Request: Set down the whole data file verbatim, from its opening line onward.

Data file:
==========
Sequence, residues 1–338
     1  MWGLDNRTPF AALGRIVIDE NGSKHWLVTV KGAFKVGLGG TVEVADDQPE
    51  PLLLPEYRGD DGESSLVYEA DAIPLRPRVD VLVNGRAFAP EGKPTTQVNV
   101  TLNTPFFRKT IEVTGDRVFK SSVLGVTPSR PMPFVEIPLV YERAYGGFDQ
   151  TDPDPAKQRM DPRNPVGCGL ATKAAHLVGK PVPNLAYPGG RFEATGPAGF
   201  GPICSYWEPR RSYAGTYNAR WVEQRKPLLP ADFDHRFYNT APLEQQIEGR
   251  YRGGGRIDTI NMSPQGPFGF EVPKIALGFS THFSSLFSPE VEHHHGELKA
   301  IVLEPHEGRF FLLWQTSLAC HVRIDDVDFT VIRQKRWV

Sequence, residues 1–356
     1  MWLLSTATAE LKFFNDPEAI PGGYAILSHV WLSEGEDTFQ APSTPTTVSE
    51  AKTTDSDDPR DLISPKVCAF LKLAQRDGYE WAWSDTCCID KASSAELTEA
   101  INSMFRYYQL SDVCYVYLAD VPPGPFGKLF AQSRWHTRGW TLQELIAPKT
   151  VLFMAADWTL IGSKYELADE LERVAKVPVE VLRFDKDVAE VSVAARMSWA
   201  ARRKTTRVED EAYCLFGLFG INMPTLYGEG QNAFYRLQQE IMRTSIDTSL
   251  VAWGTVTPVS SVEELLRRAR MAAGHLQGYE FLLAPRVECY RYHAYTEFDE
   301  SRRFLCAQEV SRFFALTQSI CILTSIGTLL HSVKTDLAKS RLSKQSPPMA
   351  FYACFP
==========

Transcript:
Sequence, residues 1–338
     1  MWGLDNRTPF AALGRIVIDE NGSKHWLVTV KGAFKVGLGG TVEVADDQPE
    51  PLLLPEYRGD DGESSLVYEA DAIPLRPRVD VLVNGRAFAP EGKPTTQVNV
   101  TLNTPFFRKT IEVTGDRVFK SSVLGVTPSR PMPFVEIPLV YERAYGGFDQ
   151  TDPDPAKQRM DPRNPVGCGL ATKAAHLVGK PVPNLAYPGG RFEATGPAGF
   201  GPICSYWEPR RSYAGTYNAR WVEQRKPLLP ADFDHRFYNT APLEQQIEGR
   251  YRGGGRIDTI NMSPQGPFGF EVPKIALGFS THFSSLFSPE VEHHHGELKA
   301  IVLEPHEGRF FLLWQTSLAC HVRIDDVDFT VIRQKRWV

Sequence, residues 1–356
     1  MWLLSTATAE LKFFNDPEAI PGGYAILSHV WLSEGEDTFQ APSTPTTVSE
    51  AKTTDSDDPR DLISPKVCAF LKLAQRDGYE WAWSDTCCID KASSAELTEA
   101  INSMFRYYQL SDVCYVYLAD VPPGPFGKLF AQSRWHTRGW TLQELIAPKT
   151  VLFMAADWTL IGSKYELADE LERVAKVPVE VLRFDKDVAE VSVAARMSWA
   201  ARRKTTRVED EAYCLFGLFG INMPTLYGEG QNAFYRLQQE IMRTSIDTSL
   251  VAWGTVTPVS SVEELLRRAR MAAGHLQGYE FLLAPRVECY RYHAYTEFDE
   301  SRRFLCAQEV SRFFALTQSI CILTSIGTLL HSVKTDLAKS RLSKQSPPMA
   351  FYACFP